By Scott Lippert, Esq.
The supervision of the remediation of contaminated property has essentially been privatized in New Jersey. Effective May 2012, the party responsible for any clean-up will have to hire a Licensed Site Remediation Professional (“LSRP”) who will take care of the functions formerly performed by a case manager of the New Jersey Department of Environmental Protection (“NJDEP”). NJDEP simply no longer has the staff or the funding to do its job in this area. Environmental clean-up cases, especially “low-priority” cases have been languishing literally for years for lack of response from NJDEP. We have one case in our office that has been pending for about 9 years.
It remains to be seen how effective the new LSRP program will be. From a “green” perspective, concerns have been raised that these privately-paid professionals will not have the best interests of the state in mind when deciding whether or not to approve a particular clean-up plan. On the other hand, there is no question that the new program will get remedial projects moving again.
Will some LSRPs seek to be perceived as business friendly and perhaps allow less comprehensive, less expensive plans to be implemented than might have occurred under NJDEP supervision? Perhaps. Another school of thought is that they will be so concerned with maintaining their licenses that they may in fact be more difficult to deal with than the case managers at NJDEP were. We’ll just have to see what happens.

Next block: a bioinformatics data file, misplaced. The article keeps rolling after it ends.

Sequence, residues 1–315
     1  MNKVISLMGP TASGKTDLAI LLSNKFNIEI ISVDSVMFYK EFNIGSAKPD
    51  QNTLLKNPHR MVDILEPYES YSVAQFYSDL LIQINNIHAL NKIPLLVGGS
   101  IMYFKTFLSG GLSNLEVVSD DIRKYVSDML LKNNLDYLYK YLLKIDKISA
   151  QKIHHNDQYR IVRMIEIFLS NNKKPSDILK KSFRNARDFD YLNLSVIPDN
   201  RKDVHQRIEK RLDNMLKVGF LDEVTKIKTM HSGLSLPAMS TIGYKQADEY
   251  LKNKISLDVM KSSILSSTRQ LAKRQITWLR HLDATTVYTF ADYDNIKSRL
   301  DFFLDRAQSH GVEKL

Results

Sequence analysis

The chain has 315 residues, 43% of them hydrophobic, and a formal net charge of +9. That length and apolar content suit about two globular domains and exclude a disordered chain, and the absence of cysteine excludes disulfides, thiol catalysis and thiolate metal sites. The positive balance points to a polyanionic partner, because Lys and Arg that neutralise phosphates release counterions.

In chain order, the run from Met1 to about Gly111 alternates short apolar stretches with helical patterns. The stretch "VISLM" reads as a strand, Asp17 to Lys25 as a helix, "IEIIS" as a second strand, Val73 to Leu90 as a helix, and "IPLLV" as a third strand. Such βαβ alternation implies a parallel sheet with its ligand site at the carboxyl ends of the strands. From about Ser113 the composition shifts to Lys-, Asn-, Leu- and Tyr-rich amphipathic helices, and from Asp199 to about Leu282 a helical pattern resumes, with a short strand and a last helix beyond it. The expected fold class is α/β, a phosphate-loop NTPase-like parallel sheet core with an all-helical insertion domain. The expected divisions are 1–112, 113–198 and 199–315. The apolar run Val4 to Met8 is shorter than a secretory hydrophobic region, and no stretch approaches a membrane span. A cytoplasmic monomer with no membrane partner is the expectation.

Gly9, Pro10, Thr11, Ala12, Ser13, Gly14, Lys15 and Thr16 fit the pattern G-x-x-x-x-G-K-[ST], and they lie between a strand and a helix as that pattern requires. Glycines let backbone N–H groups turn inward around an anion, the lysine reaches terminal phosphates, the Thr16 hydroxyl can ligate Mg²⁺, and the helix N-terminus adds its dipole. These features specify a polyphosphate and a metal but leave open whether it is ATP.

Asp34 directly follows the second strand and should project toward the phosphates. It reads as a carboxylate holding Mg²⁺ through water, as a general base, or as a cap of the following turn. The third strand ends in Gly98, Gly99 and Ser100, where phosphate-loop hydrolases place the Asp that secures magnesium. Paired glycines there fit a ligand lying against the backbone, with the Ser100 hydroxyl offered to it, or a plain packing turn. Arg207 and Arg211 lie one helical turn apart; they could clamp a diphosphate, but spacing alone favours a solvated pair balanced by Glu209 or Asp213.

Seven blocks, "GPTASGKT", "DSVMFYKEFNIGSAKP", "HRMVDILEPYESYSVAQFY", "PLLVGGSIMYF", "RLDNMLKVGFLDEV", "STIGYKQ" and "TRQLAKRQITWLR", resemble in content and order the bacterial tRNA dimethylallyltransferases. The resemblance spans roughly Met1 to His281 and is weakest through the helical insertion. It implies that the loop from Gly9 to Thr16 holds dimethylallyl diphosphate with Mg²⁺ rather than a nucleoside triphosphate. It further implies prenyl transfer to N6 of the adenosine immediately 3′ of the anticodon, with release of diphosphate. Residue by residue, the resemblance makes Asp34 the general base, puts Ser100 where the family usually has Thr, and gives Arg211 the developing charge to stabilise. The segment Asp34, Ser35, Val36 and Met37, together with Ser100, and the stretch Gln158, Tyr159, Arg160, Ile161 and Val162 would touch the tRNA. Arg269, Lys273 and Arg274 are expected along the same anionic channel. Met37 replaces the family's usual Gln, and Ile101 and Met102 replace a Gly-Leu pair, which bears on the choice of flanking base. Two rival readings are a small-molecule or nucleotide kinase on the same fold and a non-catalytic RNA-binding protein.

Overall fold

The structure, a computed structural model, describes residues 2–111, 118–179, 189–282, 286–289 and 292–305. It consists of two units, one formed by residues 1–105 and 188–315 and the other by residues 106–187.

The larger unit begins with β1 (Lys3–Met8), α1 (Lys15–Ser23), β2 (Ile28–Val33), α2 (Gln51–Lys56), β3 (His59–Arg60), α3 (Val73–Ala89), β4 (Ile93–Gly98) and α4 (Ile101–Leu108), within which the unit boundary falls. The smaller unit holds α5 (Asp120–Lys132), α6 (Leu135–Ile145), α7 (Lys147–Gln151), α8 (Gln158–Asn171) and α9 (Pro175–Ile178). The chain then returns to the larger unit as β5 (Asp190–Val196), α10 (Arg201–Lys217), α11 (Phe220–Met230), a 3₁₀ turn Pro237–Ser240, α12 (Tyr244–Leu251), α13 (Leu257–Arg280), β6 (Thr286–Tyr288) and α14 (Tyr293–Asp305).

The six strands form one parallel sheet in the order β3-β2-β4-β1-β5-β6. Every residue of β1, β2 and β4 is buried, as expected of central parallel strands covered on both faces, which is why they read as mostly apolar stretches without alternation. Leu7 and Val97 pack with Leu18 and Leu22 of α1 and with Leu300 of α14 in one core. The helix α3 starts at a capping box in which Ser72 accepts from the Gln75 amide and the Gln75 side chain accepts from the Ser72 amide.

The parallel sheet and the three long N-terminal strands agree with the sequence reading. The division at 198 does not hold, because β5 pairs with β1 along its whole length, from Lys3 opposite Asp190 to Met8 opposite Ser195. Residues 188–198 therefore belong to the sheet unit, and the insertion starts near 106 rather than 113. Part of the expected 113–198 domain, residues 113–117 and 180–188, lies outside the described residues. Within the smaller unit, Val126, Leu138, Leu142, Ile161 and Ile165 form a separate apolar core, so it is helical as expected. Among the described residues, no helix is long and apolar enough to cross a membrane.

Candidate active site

One thing to keep in mind when dealing with LSRPs is that they are agents of the state. If they enter a site and find or suspect contamination, they must report it. Therefore, an LSRP should never be used to conduct due diligence. There will still be good old-fashioned environmental scientists who will not have LSRP licenses, who should be used for such investigations. A seller of real property should make sure that the contract of sale has a provision expressly prohibiting the buyer from using an LSRP to conduct due diligence.